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A “Virtual Third Chamber” for the European Union? National parliaments after the Treaty of Lisbon


  • Ian Cooper


The Treaty of Lisbon introduces an early warning mechanism (EWM) which empowers national parliaments to intervene directly at the EU-level; they may now raise objections to – and even play a role in blocking – EU legislation. The EWM represents a new model of parliamentary involvement in international relations: national parliaments now constitute a virtual third chamber for the EU. Though they do not meet together in the same physical space, national parliaments collectively form a body that can, at least to some degree, perform three key parliamentary functions – legislation, representation, and deliberation. First, it gives national parliaments the power to influence legislative outcomes at the EU level. Second, it provides a new channel of representation linking the citizen with the EU. Third, it creates a new forum for debating the substantive merits of proposed EU legislation, particularly regarding its compliance with the principle of subsidiarity.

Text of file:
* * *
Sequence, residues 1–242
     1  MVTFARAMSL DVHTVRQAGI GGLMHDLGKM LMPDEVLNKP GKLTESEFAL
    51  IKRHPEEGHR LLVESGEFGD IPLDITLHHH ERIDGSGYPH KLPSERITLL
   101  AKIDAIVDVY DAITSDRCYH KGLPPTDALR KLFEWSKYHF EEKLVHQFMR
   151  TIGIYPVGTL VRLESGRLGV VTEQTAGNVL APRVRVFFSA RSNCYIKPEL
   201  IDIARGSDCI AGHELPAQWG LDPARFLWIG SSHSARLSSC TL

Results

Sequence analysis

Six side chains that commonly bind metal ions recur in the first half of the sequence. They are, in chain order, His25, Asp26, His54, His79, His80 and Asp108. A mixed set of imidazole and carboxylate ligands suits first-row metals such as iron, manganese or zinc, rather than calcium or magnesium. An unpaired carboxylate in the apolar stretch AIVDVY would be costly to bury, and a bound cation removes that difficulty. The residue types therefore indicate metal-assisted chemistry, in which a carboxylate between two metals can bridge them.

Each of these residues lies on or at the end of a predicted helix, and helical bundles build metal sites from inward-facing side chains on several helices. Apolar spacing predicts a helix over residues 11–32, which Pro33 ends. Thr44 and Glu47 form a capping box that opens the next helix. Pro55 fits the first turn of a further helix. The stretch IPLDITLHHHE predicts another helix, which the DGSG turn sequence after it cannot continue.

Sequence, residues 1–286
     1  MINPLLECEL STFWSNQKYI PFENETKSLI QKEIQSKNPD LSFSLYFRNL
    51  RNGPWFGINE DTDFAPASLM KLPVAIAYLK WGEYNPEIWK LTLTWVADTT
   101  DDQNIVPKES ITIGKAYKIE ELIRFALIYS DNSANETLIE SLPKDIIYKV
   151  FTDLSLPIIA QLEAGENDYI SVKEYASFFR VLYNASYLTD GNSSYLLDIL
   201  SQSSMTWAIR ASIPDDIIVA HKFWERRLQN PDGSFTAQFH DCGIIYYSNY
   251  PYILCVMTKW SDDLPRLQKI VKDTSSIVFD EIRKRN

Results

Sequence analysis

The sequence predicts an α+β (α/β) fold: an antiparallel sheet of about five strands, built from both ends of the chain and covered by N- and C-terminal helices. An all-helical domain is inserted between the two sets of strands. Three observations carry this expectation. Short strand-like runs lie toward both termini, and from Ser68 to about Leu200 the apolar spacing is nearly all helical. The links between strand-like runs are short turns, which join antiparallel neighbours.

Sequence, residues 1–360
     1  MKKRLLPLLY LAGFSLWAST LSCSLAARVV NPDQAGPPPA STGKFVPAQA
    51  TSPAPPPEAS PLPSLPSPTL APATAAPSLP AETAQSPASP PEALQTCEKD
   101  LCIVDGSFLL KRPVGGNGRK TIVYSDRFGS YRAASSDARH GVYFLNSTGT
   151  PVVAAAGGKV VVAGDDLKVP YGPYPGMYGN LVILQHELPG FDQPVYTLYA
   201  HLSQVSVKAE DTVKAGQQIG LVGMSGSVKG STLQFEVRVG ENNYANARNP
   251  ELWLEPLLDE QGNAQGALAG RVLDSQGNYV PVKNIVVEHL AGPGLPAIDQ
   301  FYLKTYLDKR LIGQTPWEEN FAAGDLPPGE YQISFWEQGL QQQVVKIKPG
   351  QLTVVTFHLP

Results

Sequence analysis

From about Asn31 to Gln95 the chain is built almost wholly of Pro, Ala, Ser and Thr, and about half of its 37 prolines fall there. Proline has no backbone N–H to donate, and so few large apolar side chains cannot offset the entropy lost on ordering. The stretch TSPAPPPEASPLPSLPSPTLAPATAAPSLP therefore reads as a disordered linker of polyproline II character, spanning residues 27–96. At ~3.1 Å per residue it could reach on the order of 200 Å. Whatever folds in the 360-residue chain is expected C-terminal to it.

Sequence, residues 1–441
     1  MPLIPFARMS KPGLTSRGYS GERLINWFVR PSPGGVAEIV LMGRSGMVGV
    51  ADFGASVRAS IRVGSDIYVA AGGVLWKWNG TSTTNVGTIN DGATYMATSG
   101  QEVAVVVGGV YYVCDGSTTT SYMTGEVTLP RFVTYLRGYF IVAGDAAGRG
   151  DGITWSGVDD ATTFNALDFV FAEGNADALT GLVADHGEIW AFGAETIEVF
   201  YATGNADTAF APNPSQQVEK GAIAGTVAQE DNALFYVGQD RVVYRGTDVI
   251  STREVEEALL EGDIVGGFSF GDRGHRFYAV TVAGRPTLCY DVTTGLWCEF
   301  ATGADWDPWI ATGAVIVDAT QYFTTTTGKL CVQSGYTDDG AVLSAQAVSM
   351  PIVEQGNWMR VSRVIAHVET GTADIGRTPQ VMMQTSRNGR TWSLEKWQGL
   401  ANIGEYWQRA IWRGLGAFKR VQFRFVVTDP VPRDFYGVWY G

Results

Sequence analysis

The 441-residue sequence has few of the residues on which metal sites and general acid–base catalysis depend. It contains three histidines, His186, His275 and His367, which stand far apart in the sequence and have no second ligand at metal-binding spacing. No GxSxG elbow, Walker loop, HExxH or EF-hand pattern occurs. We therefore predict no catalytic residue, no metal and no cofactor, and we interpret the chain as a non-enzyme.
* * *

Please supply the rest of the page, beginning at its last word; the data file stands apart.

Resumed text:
Suggested Citation

  • Ian Cooper, 2011. "A “Virtual Third Chamber” for the European Union? National parliaments after the Treaty of Lisbon," ARENA Working Papers p0339, ARENA.
  • Handle: RePEc:erp:arenax:p0339

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